Arctic tourism businesses fear they won’t survive the coronavirus crisis

March and April would normally be some of the busiest tourist periods in Northern Norway.

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The coronavirus is already having a major impact on Arctic tourism.

March and April are usually some of the busiest tourist months in Northern Norway and are vital for local businesses. But this year the small town of Lyngen, just east of Tromsø in Troms and Finnmark County, is empty as people stay away because of the coronavirus crisis, leaving local business fearing for their future.

In a normal year, thousands of people come to the Lyngen area to hike, ski, climb and if they are lucky, see the northern lights.

But in the last week, almost all bookings have been cancelled.

[Fear about coronavirus could hurt Arctic tourism]

Mads Fagerborg Kvien, who runs Lyngen Adventure that organizes tours, now spends his days dealing with cancellations.

He told Reuters that his business was in “a full crisis situation,” with huge uncertainty leaving them unable to plan for the coming weeks and months.

Henrika Lonngren, who has run the Magic Mountain Lodge for 10 years, said that within four days last week all bookings for the remainder of March and the two first weeks of April had been cancelled.

Unless she receives help from the government, she is not sure her business will survive.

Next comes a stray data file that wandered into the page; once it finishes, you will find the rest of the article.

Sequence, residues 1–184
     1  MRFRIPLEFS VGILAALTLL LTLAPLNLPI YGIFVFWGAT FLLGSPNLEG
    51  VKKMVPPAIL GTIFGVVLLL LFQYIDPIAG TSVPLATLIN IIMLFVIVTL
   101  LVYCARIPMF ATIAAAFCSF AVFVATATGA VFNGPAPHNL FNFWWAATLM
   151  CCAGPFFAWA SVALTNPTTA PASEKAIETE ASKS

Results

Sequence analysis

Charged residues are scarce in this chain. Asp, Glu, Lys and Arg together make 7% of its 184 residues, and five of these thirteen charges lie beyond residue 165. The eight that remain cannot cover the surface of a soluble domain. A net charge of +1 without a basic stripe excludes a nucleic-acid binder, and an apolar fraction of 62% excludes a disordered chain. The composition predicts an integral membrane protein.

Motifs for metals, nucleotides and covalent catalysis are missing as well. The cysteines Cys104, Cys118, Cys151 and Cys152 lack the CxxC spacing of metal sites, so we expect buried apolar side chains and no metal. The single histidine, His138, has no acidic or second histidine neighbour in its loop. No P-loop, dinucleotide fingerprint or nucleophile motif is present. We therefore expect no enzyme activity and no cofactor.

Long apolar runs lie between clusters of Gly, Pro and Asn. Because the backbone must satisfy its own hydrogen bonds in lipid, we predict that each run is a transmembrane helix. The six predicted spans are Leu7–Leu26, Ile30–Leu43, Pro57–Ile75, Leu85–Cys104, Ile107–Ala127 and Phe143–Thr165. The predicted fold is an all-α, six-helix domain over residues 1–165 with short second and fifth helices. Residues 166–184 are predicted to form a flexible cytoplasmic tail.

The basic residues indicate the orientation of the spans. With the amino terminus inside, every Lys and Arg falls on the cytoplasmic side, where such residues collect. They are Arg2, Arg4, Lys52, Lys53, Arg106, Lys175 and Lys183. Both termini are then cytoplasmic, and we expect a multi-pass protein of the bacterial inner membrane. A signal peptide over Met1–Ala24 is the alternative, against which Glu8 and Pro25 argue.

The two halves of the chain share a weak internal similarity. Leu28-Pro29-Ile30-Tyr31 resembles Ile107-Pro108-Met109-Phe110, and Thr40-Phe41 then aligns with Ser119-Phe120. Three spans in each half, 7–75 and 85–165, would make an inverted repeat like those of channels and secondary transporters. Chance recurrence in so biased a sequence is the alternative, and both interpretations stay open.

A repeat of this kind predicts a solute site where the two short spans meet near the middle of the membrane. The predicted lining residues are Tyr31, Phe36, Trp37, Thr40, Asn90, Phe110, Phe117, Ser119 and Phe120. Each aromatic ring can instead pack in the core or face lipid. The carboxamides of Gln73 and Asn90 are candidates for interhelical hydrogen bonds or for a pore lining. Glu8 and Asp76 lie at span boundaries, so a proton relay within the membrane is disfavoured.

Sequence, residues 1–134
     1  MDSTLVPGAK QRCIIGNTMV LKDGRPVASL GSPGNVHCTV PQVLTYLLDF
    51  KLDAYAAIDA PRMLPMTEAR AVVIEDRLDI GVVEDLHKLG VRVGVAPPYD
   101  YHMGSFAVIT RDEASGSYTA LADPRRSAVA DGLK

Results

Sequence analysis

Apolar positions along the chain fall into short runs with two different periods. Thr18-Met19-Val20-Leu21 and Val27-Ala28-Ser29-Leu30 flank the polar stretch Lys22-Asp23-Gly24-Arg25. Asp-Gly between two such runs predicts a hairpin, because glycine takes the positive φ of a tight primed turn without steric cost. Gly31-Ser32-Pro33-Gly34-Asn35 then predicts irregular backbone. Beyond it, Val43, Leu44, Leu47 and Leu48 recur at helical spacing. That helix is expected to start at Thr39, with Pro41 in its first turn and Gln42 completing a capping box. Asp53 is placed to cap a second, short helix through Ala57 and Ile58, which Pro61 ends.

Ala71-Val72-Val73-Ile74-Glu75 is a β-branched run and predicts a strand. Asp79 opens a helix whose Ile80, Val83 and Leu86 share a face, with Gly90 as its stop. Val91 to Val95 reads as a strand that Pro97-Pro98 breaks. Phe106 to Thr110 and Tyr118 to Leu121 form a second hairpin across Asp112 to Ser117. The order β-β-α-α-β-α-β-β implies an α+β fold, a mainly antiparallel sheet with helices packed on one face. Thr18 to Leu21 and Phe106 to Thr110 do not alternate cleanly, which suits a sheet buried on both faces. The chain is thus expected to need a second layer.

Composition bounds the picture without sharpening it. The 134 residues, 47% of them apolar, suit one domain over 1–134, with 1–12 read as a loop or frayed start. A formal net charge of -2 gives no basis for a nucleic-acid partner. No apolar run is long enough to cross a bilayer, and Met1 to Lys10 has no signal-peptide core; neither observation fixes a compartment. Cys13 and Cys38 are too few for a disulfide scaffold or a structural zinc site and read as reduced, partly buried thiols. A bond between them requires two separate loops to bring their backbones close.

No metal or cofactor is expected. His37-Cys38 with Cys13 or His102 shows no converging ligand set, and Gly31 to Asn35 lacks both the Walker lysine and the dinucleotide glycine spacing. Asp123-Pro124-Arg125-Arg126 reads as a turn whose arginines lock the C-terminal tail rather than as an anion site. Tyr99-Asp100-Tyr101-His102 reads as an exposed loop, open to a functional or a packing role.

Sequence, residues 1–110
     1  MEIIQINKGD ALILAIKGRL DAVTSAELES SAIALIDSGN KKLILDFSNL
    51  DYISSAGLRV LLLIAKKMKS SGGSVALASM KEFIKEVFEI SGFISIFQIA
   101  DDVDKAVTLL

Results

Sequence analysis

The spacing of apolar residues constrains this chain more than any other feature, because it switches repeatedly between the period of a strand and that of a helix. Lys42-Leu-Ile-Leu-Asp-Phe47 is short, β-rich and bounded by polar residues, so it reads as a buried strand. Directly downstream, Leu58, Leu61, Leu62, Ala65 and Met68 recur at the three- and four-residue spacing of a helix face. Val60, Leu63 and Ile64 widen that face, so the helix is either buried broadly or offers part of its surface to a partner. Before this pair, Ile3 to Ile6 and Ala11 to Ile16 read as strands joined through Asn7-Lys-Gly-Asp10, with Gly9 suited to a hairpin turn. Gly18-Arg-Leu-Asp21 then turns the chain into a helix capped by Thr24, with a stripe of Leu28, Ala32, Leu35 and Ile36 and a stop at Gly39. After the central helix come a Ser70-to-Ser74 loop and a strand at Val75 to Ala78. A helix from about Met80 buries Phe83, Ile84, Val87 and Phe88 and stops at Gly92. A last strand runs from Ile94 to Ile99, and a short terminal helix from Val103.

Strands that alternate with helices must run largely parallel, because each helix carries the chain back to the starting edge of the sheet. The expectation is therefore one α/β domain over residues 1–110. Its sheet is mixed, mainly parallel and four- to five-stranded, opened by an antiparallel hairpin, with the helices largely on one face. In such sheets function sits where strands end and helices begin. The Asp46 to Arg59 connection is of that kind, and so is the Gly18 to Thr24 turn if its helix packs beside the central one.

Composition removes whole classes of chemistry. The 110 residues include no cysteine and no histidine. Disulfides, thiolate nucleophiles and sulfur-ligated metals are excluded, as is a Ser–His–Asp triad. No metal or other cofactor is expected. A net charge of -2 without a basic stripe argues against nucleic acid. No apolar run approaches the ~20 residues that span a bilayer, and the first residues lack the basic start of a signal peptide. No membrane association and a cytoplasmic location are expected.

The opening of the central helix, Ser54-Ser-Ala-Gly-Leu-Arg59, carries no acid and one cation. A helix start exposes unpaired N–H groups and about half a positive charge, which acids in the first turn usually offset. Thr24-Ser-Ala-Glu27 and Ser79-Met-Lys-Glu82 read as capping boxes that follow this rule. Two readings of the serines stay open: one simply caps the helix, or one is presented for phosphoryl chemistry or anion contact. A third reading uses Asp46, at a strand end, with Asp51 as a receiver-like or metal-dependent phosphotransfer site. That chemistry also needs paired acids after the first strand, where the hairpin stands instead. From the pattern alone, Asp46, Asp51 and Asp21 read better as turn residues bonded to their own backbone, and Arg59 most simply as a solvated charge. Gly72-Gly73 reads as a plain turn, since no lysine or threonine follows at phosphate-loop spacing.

The Norwegian government has announced it will launch a series of measures to aid industries that have been hard-hit by the coronavirus outbreak, including airlines and hotels, without elaborating on the specific proposals.

For now Lonngren looks after her children, who are home from school, takes care of the lodge, talks to the bank and pays bills which come as usual. But she remains hopeful some tourists, especially from neighbouring Sweden and Finland, will come at the end of the winter season, which lasts till the middle of May.

Finnish mountain guide Tatu Autio said that although there were no tourists around, he would stay in Lyngen because the situation was not better anywhere else.

But while he waits for people starting to come again, he knows what he will do: “Ski. As much as I can. Alone.”